That messed up everything. I resolved to simply carry on either to Haripur or Abbottabad
. Past Khanpur Dam and the lake the road was under extensive works, turning into a slush bed. In just over seven hours since leaving home I fetched up at the guest house in Abbottabad where I’ve stayed several times in the past.
There was no lunch to be had. Not even for a long distance traveller. It seems Pakhtuns and these Hazarawals (who pretend to be more Pakhtun than real Pakhtuns for which they are roundly ridiculed by red-blooded Pakhtuns) say phooey to God’s injunctions. They have their own version of Islam that supersedes the one in force since the 8th century.
In the older version, it is divinely ordained for travellers to be exempt from fasting. In this new one, you bloody well fast in their land even if you are a traveller. And damn you if you happen to be a non-Muslim. Then you simply ought to be killed. So many years since the death of that ogre, that ugly hellbound demon Shar ul Iblis (Gloom of Satan) mistakenly referred to as Zia ul Haq (Radiance of the True God), things had started to ease off. Of late restaurants, especially along highroads, would operate behind curtained fronts. Elsewhere, you could purchase snacks after 1:00 PM.
|Surely the only Pakistani admits who or what he is. Near Gujranwala|
But not in this accursed land of Hazara. Here these idiots give a damn for divine injunction. You cannot purchase cooked edibles until two hours before the breaking of the fast. I wonder when someone wakes up to this great sacrilege, this mocking of divine order by these moronic over-baked Muslims. Surely this open flouting of God’s will is the ultimate blasphemy. But who will shout the word that will have these apostates stoned to death by maddened crowds of tens of thousands of ignorant Muslims who gather to see blood even before the last syllable of ‘blasphemy’ can be uttered.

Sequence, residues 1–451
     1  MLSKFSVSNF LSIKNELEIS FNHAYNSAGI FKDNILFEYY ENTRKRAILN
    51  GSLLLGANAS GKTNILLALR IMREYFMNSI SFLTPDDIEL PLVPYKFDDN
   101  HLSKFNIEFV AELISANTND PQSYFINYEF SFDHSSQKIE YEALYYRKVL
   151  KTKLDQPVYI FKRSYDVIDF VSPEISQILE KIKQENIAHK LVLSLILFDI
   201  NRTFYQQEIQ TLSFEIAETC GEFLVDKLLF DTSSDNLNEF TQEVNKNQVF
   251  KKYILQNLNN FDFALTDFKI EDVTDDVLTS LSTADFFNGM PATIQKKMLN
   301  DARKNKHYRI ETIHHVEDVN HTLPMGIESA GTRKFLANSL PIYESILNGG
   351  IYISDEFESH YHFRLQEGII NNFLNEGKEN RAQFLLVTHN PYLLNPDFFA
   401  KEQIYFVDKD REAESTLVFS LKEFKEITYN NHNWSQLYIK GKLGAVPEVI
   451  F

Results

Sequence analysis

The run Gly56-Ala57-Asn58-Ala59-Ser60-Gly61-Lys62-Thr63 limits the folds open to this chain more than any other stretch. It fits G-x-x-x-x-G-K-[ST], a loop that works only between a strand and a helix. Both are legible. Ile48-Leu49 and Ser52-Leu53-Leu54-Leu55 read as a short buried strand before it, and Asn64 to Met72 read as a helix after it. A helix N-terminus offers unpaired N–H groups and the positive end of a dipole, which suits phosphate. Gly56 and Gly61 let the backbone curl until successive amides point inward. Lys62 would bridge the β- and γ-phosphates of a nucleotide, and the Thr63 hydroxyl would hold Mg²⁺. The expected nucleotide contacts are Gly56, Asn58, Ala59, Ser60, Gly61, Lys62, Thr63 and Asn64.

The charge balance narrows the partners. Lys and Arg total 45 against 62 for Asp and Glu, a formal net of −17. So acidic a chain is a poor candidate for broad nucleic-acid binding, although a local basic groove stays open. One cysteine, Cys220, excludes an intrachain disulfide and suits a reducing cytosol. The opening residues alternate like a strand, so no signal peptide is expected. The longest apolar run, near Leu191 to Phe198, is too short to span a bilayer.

And so, dusty, dog-tired and famished I brewed my cup of tea with the equipment I never leave home without. It was early bedtime for the morrow was a long way up mountain roads to Naran via a longish stopover at Jared.
Part two next week
Labels: Alexander, Motorcycle Diaries, Northern Pakistan, Taxila
posted by Salman Rashid @ 12:00 AM,
At July 13, 2015 at 10:10 AM,
I had same concerns as your friends had for a bike tour. I did it with a friend for Skrdu-Deosai autumn tour. My friend is an experienced person on motorbike tour to northern areas. But due to me he booked bike in a big coaster's lower luggage area. We emptied Honda 125cc petrol and laid it in lower luggage area upto Pindi. Than Pindi to Jaglot on the roof of bus and than the journey began. Jaglot to skrdu to deosai, chillam and back till Mansehra. We booked bike again from Mansehra to Lahore. There is nothing like visiting these areas on bike.